The history of marriage has nothing to do with the Constitution. The Constitution has everything to do with the Constitution. Precedence is also a double-edged sword; it’s great when it agrees with you, but just because slavery was okay for several millennia doesn’t mean it’s okay.

Lastly, we are a republic, not a democracy. Republican governance falls under the large umbrella of government which contains many forms of participatory government. Just because the dictionary says: ‎”We’re a democracy” does not make it so. We live in a Republic, first and foremost. Just because Merriam/Webster blankets us with the international definition of “Democracy” doesn’t mean we are. I’ve only spent the last 3 years studying government, interviewing local, state, and federal elected officials. We are a republic. No other country has a system of federalism, a separation of powers, or a purposefully clunky policy making process for the sole purpose of protecting minorities; something democracies like those found in the U.K., France, Canada, etc don’t have. Parliamentary systems can safely ignore everyone who is not part of the major coalition, where in the U.S. minorities can be a major pain in the side of the majority faction.

We are, in a very broad context; maybe you should read Alexis De Tocqueville’s Democracy in America.  When I first picked up this book, the title made me very frustrated. Though once you read the text you’ll quickly realize Tocqueville is very cognizant of the fact that the American democracy is not a democracy at all, it is in fact unlike any other government ever created in human history – and even unlike any other government today. Scholars the world over thought creating “republics within a republic” as the craftsmen of the Constitution did, would never work. Simply, our republic falls under the very large umbrella of democracy.

Technically speaking, Iran, France, Germany, the U.K., Switzerland, India, and China are democracies too. Do you think they are all the same with regard to participatory engagement and the limits on those powers?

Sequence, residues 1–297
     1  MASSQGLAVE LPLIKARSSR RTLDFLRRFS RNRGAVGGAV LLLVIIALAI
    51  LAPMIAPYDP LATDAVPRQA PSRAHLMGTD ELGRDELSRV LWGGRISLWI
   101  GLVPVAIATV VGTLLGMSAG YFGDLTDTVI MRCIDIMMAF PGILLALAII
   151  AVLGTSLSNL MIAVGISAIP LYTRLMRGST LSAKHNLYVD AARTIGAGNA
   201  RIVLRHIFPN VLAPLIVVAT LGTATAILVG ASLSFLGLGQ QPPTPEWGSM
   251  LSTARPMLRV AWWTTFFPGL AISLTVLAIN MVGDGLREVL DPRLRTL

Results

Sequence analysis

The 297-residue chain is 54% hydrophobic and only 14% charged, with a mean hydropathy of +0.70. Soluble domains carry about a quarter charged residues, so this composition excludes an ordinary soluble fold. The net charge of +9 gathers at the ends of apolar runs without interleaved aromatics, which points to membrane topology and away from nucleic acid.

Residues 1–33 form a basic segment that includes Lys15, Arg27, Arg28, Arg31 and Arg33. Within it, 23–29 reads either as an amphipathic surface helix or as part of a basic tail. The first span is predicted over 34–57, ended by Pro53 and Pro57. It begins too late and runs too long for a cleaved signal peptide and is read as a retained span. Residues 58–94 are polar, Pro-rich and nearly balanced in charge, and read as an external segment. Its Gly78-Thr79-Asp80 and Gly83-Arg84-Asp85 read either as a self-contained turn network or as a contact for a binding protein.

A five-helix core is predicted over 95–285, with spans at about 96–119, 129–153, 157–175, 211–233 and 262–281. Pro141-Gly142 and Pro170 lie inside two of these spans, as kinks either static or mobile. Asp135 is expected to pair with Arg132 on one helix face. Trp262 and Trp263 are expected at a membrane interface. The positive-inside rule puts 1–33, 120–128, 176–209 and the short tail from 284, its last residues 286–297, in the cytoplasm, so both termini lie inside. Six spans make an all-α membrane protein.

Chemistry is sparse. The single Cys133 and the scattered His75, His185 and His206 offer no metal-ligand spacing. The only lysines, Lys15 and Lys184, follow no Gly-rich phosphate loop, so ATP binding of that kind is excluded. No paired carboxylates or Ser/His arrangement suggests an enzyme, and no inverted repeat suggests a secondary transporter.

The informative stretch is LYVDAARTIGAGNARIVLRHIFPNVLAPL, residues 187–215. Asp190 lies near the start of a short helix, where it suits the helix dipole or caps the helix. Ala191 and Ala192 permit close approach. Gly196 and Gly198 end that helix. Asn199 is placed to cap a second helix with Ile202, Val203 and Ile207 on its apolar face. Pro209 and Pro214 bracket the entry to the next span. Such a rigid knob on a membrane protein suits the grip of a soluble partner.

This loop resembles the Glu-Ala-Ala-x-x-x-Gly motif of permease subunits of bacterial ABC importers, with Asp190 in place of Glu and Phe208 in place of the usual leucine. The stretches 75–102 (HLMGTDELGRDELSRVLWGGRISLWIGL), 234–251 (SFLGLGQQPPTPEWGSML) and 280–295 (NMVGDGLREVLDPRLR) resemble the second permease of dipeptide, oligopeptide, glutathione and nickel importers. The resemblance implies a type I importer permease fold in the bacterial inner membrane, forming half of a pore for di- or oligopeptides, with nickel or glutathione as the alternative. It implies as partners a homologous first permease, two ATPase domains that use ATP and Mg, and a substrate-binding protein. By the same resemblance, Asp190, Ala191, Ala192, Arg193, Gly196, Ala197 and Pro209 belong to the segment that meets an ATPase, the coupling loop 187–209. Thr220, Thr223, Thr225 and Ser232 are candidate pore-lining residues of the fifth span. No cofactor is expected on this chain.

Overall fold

The majority and minority need protection from all factions, socialists, republicans, religious zealots, fascists, Nazis, democrats, Zionists, all of them. A republic is designed to protect minorities, not enable them to plunder the other factions.

Now, tell me where in the Federal Constitution, any of the 50 State constitutions, or in the Federalist papers even that the United States is referred to as a democracy.

The Founders actually made this quite clear in Article 4, Section 4:

“The United States shall guarantee to every State in this Union a Republican Form of Government, and shall protect each of them against Invasion; and on Application of the Legislature, or of the Executive (when the Legislature cannot be convened) against domestic Violence.”

The word democracy is awfully flexible as it is easier to refer to modern industrialized republics/theocracies/parliamentary systems as democracies simply. I even refer to America as a democracy in several of the long papers I’ve written for the purely simple notion that it is commonly accepted in the international arena to define a modern form of participatory government.

Do we believe in the rule of law? Or the rule of history?

Do we believe the majority or the minority should have a say in the lives, actions, and initiation of force against the others?

What do you believe?